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Floaters rejoice: Missoula to explore improving river access to Clark Fork through town

Floaters rejoice: Missoula to explore improving river access to Clark Fork through town

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For the many Missoulians who enjoy floating the Clark Fork River in the spring and summer, plans for updated access to the river and improvements along its banks are gaining momentum.

The City Council Parks and Conservation Committee approved a professional services contract up to $245,616 with RESPEC Company LLC, a Rapid City, South Dakota-based geoscience, engineering and data company for the first phase of the Clark Fork River and Access Restoration Project. Missoula has used the company before and the relationship between the company and city regarding the Clark Fork stretches back to 2015.

Most of the work will come out of its Missoula and Bozeman offices.

RESPEC will help providing mapping, assessment, architecture and design and engineering management to the city for a stretch of the Clark Fork between Ben Hughes Park and Riverside Park. 

With the removal of the Milltown Dam in 2008 and cleanup of mine waste in the Clark Fork watershed, water quality has improved and usage of the river has spiked dramatically.

"So out of this newfound love of the river, there is a new potential threat. With the drastic increase in recreational use, particularly in the urban stretch of Missoula, there's been a lot of significant erosion problems," said Nathan McLeod, Missoula Parks & Trails design/development specialist, at the meeting.

"This erosion is threatening water quality (and) trampling vegetation and causing habitat problems ... the erosion's getting so bad that it's actually starting to threaten existing infrastructure such as the Milwaukee Trail."

Clark Fork River Access Improvement and Restoration Plan

There have been 34 sites identified for improvement or erosion control along the Clark Fork River in a heavily-trafficked part of the water in Missoula.

In 2018, Missoula Parks and Recreation, along with other partners, counted an average of 58 floaters per hour along the Clark Fork during several river assessment surveys, which were mostly done during warm, sunny days.

Management of the erosion issues is a critical part of the project, as large numbers of people exit the river at various places along the Clark Fork in Missoula. Unwanted trails from those exits have caused problems along the river bank.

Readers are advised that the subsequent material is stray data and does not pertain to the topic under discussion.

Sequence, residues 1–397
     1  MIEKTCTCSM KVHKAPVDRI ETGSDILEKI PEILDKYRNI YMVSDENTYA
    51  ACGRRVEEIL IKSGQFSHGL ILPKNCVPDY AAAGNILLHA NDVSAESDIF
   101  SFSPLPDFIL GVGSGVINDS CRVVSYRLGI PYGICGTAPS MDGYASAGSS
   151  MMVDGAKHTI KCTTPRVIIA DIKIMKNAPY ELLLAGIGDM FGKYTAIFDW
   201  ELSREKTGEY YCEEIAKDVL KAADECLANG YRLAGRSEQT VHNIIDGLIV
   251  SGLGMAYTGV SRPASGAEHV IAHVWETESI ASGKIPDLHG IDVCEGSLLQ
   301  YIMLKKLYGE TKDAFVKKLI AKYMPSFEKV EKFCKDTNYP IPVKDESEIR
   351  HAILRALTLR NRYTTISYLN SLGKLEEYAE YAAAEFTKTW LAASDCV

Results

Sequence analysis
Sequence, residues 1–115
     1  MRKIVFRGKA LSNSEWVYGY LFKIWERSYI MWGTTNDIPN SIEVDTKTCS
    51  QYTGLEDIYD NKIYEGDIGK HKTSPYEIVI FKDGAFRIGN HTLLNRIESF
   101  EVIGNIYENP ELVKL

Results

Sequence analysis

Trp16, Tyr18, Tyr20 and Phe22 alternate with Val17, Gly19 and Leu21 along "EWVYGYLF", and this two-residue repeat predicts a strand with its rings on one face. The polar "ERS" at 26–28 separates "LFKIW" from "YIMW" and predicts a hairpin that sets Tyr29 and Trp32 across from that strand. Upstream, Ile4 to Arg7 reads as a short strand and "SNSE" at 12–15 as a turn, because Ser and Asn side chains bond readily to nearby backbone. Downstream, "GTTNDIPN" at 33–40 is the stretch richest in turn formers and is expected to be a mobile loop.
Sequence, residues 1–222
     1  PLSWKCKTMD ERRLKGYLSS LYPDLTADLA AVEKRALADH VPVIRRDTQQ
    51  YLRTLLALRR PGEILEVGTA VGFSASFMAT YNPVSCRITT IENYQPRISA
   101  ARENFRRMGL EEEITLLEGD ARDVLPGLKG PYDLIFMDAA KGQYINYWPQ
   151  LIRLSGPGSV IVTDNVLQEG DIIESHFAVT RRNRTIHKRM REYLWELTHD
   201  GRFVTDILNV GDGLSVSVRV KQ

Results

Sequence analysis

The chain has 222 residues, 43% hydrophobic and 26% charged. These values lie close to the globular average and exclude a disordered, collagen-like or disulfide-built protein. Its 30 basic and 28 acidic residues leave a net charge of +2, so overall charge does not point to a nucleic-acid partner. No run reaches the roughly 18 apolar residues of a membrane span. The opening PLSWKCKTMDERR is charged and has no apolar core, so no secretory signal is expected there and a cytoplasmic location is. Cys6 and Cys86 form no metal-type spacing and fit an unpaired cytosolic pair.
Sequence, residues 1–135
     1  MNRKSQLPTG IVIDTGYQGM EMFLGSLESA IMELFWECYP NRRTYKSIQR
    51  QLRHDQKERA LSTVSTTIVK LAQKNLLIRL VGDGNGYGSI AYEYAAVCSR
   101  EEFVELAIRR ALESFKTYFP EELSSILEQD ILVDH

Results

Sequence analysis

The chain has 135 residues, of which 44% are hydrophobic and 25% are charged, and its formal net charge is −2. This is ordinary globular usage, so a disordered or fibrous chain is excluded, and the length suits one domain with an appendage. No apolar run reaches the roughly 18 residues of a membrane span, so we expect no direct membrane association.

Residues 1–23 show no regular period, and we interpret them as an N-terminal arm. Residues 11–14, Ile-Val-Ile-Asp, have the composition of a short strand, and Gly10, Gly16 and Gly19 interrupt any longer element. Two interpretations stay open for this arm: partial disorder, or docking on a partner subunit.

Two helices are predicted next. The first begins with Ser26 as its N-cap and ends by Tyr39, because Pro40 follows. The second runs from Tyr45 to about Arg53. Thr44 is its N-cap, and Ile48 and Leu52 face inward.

In 2016, 34 different sites were identified for river access and restoration treatments. Toole Park and Caras Park, both popular sites to exit the river due to ease of parking, could get small beaches and stone stairs that would lead straight to the river.

"I think that this is a great project for a lot of reasons, but I think that in an area that has such high recreational use, it's just really important to take care of that natural resource that we love and not love it to death," said Amber Sherrill, councillor and Parks and Conservation committee chair. "I think that balancing heavy, heavy recreation, water quality, bank stability, public safety — all of that is really important."

Caras Park River Access Concept

Concept art for updates to Caras Park.

Other locations were identified for riverbank restoration or small river access paths from the trails such as the Milwaukee and Ron's River Trail. According to the plan, updates to 15 existing popular river access points along the stretch from Ben Hughes Park to Riverside Park have been proposed.

Accessibility was also mentioned and there are stipulations to allow for seniors, children and other people who currently may find the river difficult to access due to steep banks along certain parts of the Clark Fork.

Funding for the project will come from the 2018 Missoula County Open Space Bond, which included up to $1.5 million for sustainable river access and restoration efforts within the project area.

Of the nearly $250,000 contract, $198,080 is allocated for design and engineering fees. If the design is approved, the remainder of the contract would be used for construction administration and project bidding.

Assuming the project moves forward, work could start as soon as the summer of 2022. Some work would be contracted, while Parks and Recreation staff could potentially handle other pieces.

"I am an avid user of the river and I know this is one of the unique gems that Missoula provides for us, but we're definitely loving our river to death," councilor Stacie Anderson said. "Water is an important component of our lives." 

Jordan Hansen covers news and local government for the Missoulian. Contact him on Twitter @jordyhansen or via email at Jordan.Hansen@Missoulian.com

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